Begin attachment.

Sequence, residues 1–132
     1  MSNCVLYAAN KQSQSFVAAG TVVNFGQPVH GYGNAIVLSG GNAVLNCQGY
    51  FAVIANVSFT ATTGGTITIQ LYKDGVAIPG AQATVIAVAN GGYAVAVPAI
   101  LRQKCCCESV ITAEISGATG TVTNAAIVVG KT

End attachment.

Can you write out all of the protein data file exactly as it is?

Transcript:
Sequence, residues 1–132
     1  MSNCVLYAAN KQSQSFVAAG TVVNFGQPVH GYGNAIVLSG GNAVLNCQGY
    51  FAVIANVSFT ATTGGTITIQ LYKDGVAIPG AQATVIAVAN GGYAVAVPAI
   101  LRQKCCCESV ITAEISGATG TVTNAAIVVG KT